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“I don’t know if I will stay. I just think about playing good football right now. I want to give my best and win titles. I just think about the sport and nothing else.”
If you don’t pay a lot of attention to the Bundesliga, it might be easy to overlook Aubameyang. But the season he’s having with BVB’s wealth of playmaking midfielders is overwhelming. Give him less than a yard, and he’s all set.
Throw in the UEFA Champions League, and “Auba” has 18 goals in 18 matches. In the Bundesliga, he has a 4-goal night at Hamburg but also goals against Bayern and Hertha. Aubameyang has two braces, and has only been held off the score sheet three times (BVB is 1D-2L in those contests).
Put plainly, no one is doing what he’s doing right now.
Top Five leagues, 2016-17 goals (matches)
- Aubameyang, BVB — 15 (12)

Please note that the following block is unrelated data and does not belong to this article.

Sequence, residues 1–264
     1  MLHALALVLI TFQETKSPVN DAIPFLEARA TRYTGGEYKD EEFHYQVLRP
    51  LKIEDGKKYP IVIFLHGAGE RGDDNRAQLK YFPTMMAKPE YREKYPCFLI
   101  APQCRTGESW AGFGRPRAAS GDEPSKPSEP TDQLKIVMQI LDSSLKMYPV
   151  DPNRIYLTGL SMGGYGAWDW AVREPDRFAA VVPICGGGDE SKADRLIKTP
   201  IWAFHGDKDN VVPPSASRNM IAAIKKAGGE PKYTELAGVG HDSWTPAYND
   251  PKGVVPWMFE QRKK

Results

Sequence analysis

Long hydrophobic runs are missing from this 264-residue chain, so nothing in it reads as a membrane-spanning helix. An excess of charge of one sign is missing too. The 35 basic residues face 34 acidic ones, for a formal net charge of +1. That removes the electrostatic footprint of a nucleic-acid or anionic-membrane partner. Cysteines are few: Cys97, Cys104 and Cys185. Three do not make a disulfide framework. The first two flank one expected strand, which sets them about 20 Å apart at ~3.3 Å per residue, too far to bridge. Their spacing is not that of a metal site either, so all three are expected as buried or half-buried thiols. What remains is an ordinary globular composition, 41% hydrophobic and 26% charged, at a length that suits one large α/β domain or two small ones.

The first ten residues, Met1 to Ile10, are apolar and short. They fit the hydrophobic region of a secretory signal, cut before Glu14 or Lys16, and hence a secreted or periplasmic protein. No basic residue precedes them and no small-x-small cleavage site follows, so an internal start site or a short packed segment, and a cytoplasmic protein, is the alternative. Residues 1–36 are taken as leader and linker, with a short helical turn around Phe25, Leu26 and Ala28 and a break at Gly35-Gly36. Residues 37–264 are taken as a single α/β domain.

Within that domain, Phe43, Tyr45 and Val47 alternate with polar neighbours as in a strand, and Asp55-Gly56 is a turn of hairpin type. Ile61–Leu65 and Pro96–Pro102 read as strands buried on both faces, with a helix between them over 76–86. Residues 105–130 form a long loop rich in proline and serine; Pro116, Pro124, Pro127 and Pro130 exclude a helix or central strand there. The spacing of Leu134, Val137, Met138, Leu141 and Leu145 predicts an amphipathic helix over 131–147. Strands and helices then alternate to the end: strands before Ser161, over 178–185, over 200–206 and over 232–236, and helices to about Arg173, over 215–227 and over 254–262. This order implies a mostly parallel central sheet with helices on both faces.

- Edinson Cavani, PSG — 14 (14)
- Anthony Modeste, Koln — 12 (13)
- Mauro Icardi, Inter Milan — 12 (14)
- Eden Dzeko, Roma — 12 (15)
- Alexandre Lacazette — 11 (11)
- Alexis Sanchez, Arsenal — 11 (14)
- Diego Costa, Chelsea — 11 (14)
- Cristiano Ronaldo, Real Madrid — 10 (11)
- Sergio Aguero, Manchester City — 10 (12)
- Andrea Belotti, Torino — 10 (13)
- Lionel Messi, Barcelona — 9 (9)
- Luis Suarez, Barcelona — 9 (12)
- Robert Lewandowski, Bayern Munich — 9 (13)
- Iago Aspas, Celta Vigo — 9 (13)
- Ciro Immobile, Lazio — 9 (15)
- Alassane Plea, Nice — 9 (16)
As we await the future of both the North American Soccer League and its champion New York Cosmos, another dark cloud arrived regarding both.
Empire of Soccer reports that the Cosmos have terminated all of its player contracts, putting a 2017 season into the neighborhood of improbability.